In World War II the Germans complained that it was so difficult to fight the Americans because the U.S. commanders didn’t follow their own written doctrine. That isn’t the case with many of our modern enemies. Most of the terrorists we face today are violent supremacist groups that have a clear and public doctrine which they use to recruit and inspire new members. They follow their doctrine; and we need to remember that when we try to counter them.

As America awoke after the Christchurch Mosque attack, I got a text from a CNN producer to get to a studio for the 8 AM show. I ended up opposite Peter Bergen discussing the similarities between white supremacist and Islamist supremacists. They both have clear and public ideologies about why they are superior to other humans and why they are authorized, in their own minds, to “defend” themselves against anyone that refuses to think like they do. They are extremely violent, deeply radicalized into their ideology, and can blend-in easily, making their attacks hard to predict or stop. Unfortunately, their idea of “defending themselves” means killing all innocent people that are in their way.

In an age of unending terrorism, is any country or international organization preparing adequately to get ahead of radicalization and violence?  The short answer is likely no, based on the current rates of death from terrorism.

How do we get ahead of the terrorists? Admiral Stavridis’ recent article raises many great concepts, and they match what many in the counterterrorism (CT) community have been saying for a while. Chris Costa, who was heavily involved in the current U.S. CT strategy, has looked at counterterrorism from many angles and levels of the government; he also writes about the need to constantly adapt to face future challenges.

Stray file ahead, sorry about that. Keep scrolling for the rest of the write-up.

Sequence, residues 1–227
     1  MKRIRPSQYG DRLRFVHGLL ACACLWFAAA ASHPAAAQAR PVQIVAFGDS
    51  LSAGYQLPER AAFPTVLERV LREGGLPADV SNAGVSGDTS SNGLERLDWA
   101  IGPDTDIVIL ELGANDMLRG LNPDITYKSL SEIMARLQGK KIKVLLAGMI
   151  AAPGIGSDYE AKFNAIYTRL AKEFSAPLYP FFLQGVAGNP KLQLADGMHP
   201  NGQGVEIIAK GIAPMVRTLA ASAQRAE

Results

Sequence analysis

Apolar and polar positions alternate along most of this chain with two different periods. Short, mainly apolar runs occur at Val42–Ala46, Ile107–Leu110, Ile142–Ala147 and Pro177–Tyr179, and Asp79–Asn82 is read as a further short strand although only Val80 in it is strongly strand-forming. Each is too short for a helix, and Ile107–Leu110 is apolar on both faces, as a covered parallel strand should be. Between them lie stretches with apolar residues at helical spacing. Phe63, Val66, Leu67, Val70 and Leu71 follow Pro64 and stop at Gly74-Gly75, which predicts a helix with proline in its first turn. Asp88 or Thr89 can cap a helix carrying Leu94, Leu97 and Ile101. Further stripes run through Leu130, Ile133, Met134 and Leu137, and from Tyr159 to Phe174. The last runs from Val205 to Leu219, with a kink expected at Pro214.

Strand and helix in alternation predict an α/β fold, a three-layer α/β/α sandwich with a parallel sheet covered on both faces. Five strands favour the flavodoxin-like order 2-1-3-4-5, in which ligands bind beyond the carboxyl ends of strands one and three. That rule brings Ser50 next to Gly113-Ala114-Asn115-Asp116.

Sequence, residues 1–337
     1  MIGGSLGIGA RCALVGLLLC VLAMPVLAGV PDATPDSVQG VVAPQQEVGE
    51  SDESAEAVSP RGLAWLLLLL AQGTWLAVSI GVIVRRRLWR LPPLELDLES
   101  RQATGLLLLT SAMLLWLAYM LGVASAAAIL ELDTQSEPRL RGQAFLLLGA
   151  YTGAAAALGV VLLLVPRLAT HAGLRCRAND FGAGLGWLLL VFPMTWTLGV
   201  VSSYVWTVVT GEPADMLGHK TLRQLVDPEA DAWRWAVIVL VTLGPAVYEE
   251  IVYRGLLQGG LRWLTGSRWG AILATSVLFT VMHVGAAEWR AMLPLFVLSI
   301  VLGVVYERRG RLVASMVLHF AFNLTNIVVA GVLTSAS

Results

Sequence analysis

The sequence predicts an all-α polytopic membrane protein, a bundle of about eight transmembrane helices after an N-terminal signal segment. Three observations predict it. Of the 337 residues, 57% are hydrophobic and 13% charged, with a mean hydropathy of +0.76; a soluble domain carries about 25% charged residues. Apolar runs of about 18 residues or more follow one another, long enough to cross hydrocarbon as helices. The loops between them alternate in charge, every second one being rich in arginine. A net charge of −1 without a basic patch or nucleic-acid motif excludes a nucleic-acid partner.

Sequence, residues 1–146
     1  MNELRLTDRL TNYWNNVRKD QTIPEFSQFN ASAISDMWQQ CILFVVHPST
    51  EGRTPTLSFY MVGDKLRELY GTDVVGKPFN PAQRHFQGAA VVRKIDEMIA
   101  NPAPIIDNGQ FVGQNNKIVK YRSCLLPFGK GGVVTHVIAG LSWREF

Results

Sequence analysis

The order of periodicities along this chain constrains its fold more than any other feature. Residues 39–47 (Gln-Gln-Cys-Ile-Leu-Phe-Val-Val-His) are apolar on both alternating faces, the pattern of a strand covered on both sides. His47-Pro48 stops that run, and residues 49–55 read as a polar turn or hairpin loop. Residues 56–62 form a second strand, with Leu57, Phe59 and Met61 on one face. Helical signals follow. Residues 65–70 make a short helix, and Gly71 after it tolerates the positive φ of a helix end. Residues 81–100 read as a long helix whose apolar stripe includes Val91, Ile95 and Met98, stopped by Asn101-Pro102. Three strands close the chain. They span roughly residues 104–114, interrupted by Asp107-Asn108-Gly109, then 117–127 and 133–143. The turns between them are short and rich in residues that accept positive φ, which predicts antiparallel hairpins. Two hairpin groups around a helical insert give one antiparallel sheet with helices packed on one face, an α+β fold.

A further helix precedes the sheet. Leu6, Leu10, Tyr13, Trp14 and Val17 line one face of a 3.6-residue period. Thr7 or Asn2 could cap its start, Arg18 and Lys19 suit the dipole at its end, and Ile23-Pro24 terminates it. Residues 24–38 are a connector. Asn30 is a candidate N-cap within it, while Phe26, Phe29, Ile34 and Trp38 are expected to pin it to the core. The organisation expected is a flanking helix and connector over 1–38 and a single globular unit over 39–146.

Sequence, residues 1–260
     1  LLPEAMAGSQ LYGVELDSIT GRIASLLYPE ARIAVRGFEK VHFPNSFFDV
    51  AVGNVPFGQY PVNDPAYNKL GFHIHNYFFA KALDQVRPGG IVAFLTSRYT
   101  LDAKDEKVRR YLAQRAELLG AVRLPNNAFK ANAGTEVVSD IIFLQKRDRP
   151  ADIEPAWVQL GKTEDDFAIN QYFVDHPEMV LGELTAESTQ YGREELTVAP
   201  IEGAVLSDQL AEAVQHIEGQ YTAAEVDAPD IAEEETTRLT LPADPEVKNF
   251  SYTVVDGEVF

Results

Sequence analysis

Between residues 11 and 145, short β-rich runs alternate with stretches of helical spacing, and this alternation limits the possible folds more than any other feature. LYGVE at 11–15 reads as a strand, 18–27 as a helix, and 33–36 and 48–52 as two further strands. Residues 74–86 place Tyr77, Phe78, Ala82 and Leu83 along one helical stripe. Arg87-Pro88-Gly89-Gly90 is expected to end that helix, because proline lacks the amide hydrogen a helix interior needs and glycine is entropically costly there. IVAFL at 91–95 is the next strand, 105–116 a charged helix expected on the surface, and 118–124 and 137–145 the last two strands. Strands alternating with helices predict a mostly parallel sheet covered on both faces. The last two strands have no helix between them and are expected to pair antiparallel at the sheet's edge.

I am in my second year of teaching a U.S. CT policy course to adult students ages 50-90. I have learned a few lessons from trying to explain our CT policies since the 1970s. The biggest lesson is that while administrations change the headline for our policy each time the other political party takes the helm; from “combating global terrorism” (Nixon and Republicans) to using a “law enforcement model” (Carter and Democrats), they really don’t change the underlying policy. Each administration since Richard Nixon has actually looked at the previous polices and kept the concepts they think are most important. The strategy only gets richer and more detailed. So, the U.S. counterterrorism policy hasn’t been re-written every 4 years anew; instead its been steadily evolving and trying to adapt to our enemies use of terror. That’s oversimplifying it for sure, but I want to get us to the current solutions.

The evolution of terrorism continues

The NSC team gave America a very balanced and useful plan in October 2018, but the enemy always gets a vote in the usefulness of your strategy.  In the ISIS era of entrepreneurial terrorist groups, the battlefield has been reset again.  With low-cost entry into the ISIS franchise, today’s Islamist inspired terrorists are more global than ever and more connected to their similar ideologies.  The same can be said of white and black-supremacists, Jewish-supremacists, Buddhist-supremacists, and Hindu-supremacists. The power of social media and the reach of the internet through smartphones and the internet has changed the game; the world must change with it.